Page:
A: Today I would like to dispel a few myths, or “old wives tales” that we commonly hear in veterinary medicine.
• “My dog can’t be sick because his nose is wet.” Don’t ignore other signs because his nose is wet, and don’t take him to the veterinarian just because his nose is dry.
• “My dog is not getting all of the necessary nutrients in his diet because he is eating grass.” This is simply not true. Your dog just likes grass.
• “Bathing your dog more than once monthly will strip the oils from the skin and dry out the coat.” You can bathe your dog every day if you use a shampoo for pets that is mild and hydrating. This is no different than pampering your skin and coat.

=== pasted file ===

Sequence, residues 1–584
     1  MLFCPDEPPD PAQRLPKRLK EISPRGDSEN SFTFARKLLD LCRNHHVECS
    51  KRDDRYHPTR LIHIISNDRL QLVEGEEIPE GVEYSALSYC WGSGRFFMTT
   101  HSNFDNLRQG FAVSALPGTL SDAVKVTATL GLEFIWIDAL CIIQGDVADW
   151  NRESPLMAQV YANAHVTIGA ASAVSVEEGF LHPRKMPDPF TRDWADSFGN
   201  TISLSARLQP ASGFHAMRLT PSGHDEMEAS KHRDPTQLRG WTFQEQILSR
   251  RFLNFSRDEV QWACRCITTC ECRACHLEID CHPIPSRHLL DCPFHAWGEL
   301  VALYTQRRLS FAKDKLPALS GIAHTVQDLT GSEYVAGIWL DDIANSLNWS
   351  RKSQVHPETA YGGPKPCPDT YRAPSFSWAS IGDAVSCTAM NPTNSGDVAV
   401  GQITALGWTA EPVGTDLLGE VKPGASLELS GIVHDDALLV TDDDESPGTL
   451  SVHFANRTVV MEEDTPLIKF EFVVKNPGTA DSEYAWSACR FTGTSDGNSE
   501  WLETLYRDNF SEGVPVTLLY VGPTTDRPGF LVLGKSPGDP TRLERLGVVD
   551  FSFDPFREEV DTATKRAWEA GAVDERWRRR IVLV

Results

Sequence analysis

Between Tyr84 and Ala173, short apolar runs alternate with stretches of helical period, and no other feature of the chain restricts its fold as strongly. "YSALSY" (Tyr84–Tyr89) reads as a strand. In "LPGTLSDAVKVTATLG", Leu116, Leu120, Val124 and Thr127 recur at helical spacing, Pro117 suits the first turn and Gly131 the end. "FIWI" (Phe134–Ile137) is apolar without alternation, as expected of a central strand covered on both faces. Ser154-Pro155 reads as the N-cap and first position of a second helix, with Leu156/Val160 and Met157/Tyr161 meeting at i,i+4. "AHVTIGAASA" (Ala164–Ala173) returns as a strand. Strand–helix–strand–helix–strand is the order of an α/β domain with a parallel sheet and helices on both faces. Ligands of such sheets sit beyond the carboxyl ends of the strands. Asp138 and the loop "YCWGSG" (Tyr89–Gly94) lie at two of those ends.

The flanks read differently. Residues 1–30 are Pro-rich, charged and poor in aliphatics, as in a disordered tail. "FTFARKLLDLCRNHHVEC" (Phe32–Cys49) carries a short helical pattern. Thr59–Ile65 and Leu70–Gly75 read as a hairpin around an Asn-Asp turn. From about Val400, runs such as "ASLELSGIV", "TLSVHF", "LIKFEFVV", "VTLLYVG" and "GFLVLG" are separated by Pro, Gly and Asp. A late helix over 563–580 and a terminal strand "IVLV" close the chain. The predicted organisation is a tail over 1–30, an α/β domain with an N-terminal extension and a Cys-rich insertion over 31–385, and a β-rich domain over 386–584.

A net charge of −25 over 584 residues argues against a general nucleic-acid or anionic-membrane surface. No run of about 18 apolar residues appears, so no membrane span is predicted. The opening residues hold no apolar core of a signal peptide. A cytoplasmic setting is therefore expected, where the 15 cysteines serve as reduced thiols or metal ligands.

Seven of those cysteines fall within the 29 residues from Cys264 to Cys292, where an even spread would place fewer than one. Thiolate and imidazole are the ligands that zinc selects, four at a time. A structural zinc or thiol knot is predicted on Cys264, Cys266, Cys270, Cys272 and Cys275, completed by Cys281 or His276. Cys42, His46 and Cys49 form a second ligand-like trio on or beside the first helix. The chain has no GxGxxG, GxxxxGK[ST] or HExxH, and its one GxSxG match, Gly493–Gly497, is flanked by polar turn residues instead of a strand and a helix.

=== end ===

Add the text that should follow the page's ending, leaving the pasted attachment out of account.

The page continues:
• “If you cut the hair that falls in front of an Old English Sheepdog’s eyes, the dog will go blind.” When these dogs moved herds over miles of rough terrain, they needed eye protection from the sun, burrs and thorns. Now they just need a hair trim around their eyes so they can see that rabbit in the backyard.
• “Cats will smother infants.” A case has never, and likely never will, be reported.
• “If cats’ whiskers are clipped short, they will be unable to find their way around.” They do just fine.
• “Dogs have a special enzyme in their saliva that cleans wounds and promotes healing.” There is no “magic” in dogs’ saliva. There may be some mild antibacterial properties, but please take a wound to the veterinarian.
Information provided by Dr. T.S. Dermody, Ingersoll Animal Hospital, 3009 Ingersoll Ave., 274-3555.